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Comment: Re: Sorry, not corporate enough. (Score 1) 57

by sjames (#48650277) Attached to: Bitcoin Exec To Spend Two Years Behind Bars For Silk Road Transactions

Google around. How about the special cash boxes built specifically to maximize the amount that could be shoved through the cutout in a teller's window. That's a BIG heap of cash being deposited frequently. Exactly the sort of thing that is supposed to trigger suspicion.

Comment: Re:No big red button? (Score 1) 189

by sjames (#48647943) Attached to: Cyberattack On German Steel Factory Causes 'Massive Damage'

As I understand it, the damage was indirect. The software was left in such a state that the furnace was at the time undamaged but could not be properly shut down. That left only the emergency shutdown procedure which was the cause of the damage.

The real failure was not being able to physically operate the controls to at least manage a clean shutdown.

Comment: Re:Make it easier to hire people? (Score 1) 558

by sjames (#48645131) Attached to: What Happens To Society When Robots Replace Workers?

Yes, but at that time, we still had a shortage of labor over all. In western society, we very recently doubled the eligible workforce through equal rights. Then with a bit of development in the 3rd world, we have multiplied it many times (but haven't given those workers a chance to become consumers). Now automation is cheap enough that even those very cheap workers are threatened with unemployment.

Comment: Re:Old news. (Score 3, Interesting) 236

by sjames (#48644215) Attached to: Study: Red Light Cameras Don't Improve Safety

If you are choosing between "slamming your brakes at the last second" or "running a red light" then you were driving unsafely.***

There is a significant correlation between installing the cameras and shortening the yellow. At the same time, even if the yellow was too short even before the cameras were installed, they increase the risk of accidents since people will no longer be willing to run the very beginning of the red (before traffic the other way starts moving).

Comment: Re:When Robots Replace Workers? (Score 1) 558

by sjames (#48643479) Attached to: What Happens To Society When Robots Replace Workers?

It should be, but there are too many wealthy people who firmly believe that they were born with virtue but the working class gain virtue only by working. Therefor, no job = no work = deserve to starve.

There are two classes of people. Those who feel wealthy if they have no need to worry about money and those who can only feel wealthy if they have significantly more than others. The latter just can't be happy until you're not happy.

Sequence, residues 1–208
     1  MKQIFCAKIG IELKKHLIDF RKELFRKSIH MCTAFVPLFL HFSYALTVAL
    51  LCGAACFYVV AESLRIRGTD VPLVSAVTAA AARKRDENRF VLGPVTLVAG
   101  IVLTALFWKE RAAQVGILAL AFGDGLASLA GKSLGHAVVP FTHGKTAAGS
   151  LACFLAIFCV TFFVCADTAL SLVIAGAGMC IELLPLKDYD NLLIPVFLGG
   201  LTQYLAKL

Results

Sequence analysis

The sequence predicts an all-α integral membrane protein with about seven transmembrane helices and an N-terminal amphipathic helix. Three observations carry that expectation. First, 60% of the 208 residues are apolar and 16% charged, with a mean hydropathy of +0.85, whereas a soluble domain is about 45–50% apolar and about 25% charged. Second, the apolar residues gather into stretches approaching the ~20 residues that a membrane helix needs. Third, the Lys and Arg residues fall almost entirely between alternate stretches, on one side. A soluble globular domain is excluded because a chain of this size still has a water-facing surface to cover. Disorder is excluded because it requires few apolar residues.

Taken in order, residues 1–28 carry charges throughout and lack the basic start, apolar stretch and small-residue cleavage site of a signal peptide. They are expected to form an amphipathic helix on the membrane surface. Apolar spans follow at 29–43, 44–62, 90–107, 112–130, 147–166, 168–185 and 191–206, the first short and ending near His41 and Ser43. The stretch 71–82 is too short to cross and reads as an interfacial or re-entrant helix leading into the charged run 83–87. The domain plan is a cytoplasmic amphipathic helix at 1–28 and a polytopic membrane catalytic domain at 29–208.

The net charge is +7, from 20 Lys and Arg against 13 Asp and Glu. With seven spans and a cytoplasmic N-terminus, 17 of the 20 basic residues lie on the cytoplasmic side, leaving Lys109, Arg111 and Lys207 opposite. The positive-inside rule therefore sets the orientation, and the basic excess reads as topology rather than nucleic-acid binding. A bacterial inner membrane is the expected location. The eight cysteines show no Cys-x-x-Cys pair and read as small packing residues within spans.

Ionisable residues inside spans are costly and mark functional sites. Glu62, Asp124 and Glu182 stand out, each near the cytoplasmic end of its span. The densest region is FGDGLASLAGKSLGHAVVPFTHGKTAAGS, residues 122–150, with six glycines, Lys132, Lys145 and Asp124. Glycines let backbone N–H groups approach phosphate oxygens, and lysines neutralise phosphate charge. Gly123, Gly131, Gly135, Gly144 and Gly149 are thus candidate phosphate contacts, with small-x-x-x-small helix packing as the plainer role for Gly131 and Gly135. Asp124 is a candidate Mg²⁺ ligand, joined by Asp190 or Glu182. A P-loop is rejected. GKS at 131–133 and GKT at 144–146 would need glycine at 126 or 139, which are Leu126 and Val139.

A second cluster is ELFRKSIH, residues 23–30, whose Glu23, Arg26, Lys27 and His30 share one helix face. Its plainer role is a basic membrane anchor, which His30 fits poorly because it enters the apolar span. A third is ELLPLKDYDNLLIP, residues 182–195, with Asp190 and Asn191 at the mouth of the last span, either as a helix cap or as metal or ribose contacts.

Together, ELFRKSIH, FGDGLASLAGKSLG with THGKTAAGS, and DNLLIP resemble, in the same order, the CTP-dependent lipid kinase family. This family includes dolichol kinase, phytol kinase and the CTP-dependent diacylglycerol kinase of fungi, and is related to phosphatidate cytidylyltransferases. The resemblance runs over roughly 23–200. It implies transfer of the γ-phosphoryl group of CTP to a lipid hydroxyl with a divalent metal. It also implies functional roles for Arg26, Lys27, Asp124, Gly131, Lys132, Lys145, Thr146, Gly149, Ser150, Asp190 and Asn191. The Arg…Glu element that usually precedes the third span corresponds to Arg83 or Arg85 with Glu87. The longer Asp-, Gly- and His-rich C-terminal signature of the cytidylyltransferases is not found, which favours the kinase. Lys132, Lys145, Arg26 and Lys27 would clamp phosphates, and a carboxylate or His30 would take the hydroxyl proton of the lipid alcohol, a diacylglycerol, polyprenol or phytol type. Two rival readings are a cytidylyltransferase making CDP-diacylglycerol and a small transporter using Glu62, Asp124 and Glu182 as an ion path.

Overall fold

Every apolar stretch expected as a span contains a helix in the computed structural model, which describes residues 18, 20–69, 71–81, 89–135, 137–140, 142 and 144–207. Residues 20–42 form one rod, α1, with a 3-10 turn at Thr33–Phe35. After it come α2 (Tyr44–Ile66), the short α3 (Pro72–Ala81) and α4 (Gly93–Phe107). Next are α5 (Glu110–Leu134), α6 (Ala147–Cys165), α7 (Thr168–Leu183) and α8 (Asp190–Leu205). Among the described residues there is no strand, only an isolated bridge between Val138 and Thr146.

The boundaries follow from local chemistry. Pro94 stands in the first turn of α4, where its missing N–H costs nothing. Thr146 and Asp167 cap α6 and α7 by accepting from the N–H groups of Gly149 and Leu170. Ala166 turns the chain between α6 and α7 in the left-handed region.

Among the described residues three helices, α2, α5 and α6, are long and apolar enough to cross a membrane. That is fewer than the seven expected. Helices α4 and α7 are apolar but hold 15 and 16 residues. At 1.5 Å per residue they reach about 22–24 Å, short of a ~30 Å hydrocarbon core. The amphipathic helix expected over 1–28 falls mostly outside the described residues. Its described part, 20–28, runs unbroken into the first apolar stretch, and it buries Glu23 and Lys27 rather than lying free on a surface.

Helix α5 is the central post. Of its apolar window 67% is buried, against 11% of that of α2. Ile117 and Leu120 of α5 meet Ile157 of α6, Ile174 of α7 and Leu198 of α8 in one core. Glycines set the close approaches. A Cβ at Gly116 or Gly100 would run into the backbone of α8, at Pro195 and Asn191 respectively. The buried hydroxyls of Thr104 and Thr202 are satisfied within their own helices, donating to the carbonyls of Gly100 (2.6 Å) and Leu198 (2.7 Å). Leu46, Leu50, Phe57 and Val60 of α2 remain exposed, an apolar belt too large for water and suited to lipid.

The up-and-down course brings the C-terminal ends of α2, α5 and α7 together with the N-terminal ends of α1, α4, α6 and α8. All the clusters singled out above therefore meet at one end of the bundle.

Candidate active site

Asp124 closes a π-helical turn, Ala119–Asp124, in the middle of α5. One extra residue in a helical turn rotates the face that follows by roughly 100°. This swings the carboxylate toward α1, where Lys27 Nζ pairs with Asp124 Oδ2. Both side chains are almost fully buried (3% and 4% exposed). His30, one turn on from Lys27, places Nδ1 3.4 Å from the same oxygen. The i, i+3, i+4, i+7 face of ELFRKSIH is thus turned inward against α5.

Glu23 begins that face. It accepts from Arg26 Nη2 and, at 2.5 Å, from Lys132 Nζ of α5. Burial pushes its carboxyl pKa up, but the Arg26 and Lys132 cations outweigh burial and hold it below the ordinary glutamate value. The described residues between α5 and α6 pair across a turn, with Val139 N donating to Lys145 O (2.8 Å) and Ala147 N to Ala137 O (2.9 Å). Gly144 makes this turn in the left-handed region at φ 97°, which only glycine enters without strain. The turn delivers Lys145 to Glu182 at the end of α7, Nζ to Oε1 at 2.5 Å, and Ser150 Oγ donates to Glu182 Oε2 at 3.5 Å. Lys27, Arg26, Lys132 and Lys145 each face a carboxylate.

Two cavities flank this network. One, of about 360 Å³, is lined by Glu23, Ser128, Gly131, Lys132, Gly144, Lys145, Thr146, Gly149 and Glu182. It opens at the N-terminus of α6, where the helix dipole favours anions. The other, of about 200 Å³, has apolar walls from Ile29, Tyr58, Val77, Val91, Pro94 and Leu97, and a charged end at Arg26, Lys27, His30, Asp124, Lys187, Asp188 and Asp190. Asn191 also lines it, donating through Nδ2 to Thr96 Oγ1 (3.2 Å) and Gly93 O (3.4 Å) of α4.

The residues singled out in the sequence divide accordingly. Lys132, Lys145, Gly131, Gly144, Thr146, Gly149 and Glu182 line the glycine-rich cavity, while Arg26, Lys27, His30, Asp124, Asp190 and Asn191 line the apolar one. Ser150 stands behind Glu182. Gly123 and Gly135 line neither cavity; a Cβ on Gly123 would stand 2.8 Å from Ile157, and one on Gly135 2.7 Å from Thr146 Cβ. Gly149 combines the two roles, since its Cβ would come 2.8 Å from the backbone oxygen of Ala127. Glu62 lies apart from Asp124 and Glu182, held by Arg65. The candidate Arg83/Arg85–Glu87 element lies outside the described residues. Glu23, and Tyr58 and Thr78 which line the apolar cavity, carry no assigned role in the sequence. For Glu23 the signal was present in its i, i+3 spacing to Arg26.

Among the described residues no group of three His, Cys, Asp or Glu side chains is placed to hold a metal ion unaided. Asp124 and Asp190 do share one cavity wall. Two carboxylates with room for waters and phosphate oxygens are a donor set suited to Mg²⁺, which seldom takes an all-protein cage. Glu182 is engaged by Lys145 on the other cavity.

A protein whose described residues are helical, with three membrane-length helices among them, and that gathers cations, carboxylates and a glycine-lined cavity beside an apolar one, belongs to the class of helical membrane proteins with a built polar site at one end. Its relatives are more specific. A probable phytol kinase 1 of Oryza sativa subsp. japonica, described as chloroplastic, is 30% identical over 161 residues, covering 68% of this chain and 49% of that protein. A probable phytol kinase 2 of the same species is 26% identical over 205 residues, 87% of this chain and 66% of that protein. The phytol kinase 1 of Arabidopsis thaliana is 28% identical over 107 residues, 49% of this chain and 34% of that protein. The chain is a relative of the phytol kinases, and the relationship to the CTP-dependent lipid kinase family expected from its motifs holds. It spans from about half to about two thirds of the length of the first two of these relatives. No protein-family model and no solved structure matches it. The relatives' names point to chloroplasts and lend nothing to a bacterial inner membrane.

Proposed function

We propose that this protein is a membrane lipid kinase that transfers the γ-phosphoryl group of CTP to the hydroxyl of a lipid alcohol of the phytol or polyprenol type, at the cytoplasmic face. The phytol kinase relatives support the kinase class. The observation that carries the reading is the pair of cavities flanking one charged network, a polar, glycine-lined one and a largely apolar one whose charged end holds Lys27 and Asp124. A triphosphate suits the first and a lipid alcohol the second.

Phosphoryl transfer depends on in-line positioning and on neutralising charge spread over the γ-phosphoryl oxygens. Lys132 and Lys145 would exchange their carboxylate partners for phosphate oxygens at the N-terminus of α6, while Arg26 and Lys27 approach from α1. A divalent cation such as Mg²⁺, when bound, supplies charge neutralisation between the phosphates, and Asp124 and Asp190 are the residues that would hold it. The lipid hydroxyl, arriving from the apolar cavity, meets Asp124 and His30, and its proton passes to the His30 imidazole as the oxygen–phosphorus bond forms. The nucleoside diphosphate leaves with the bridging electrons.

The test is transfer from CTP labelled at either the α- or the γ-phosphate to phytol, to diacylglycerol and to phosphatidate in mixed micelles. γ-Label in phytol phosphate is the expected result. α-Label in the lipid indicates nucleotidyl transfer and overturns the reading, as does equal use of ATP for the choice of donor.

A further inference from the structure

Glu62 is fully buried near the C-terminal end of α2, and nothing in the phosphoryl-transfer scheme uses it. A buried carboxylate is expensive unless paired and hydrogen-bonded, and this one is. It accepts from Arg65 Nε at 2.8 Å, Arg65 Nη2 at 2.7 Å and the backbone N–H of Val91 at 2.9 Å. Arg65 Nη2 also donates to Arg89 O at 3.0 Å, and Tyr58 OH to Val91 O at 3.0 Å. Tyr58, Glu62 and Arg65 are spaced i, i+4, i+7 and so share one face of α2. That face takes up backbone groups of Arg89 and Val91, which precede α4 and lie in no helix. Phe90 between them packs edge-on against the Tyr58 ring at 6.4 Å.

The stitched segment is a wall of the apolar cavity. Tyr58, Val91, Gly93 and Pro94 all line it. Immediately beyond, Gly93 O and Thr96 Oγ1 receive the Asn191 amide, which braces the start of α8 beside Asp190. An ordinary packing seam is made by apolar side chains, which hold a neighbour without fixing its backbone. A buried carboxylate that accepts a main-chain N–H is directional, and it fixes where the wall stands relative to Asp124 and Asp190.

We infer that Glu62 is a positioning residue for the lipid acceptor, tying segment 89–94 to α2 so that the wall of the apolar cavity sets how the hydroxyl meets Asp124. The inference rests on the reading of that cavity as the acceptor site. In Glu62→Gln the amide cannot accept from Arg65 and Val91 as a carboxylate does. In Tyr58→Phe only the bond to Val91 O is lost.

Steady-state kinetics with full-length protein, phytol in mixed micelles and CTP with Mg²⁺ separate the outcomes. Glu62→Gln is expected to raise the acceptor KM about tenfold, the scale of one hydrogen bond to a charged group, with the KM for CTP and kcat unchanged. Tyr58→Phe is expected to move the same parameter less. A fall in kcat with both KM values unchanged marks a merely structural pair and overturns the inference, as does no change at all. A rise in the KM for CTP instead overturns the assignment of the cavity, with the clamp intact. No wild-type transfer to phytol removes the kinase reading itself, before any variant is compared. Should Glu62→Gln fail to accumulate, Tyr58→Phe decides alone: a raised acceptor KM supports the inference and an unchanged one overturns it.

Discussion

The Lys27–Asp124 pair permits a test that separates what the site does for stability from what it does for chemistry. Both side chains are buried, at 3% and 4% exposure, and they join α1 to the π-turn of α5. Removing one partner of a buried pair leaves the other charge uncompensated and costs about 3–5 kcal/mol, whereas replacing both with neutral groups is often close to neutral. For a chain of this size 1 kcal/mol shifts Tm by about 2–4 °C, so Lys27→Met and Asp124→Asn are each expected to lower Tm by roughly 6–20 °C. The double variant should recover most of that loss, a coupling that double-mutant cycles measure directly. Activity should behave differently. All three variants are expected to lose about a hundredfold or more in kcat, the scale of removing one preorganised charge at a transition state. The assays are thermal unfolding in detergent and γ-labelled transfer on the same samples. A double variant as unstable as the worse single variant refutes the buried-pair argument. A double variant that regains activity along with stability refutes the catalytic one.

Comment: Re:In Massachusetts... (Score 1) 1051

by sjames (#48642129) Attached to: Time To Remove 'Philosophical' Exemption From Vaccine Requirements?

And the state does not have the right to demand that any individual accept any particular medical treatment. That's why the pressure is applied in a more round about manner.

So that just leaves us with the choice. Do we want the kids to be un-educated or do we want to find a way to educate them? Certainly making the vaccines free will address the financial askect, leaving only philosophical and religious objections. We can certainly provide education fopefully convince parents of the value and even necessity of vaccination. However, at the end of the day some will still object. Since we don't want a society where someone from the government can show up at any time and inject whatever gunk they care to into anyone they care to, we must deal with the cases where the parent will not be swayed.

Note that excluding their children from school just makes sure that they will make the same decision when they have kids. If they go to school, perhaps they will make a better decision when they become parents.

It should also be noted that not all of the required vaccines actually make sense. The main ones we are all familiar with certainly do. MMR, DPT and polio certainly. But I remain more skeptical of chicken pox. That was never one of those scourge diseases. Evidence suggests that the immunity from the vaccine is less complete that you get from having the disease and that it wanes in adulthood, exactly the time when the disease becomes more dangerous and the vaccine is contraindicated.

Comment: Again, where is the NSA (Score 1) 220

by sjames (#48636801) Attached to: Hackers' Shutdown of 'The Interview' Confirms Coding Is a Superpower

Just what is the NSA up to here? Shouldn't they be busy heading off exactly this sort of thing? So what's their part of this action? That's right, they're busy facilitating the terrorists by weakening the security that could prevent this crap from happening so they can do the things they are never ever supposed to do. Screw protecting the country, they have law abiding citizens to spy on!

Every successful person has had failures but repeated failure is no guarantee of eventual success.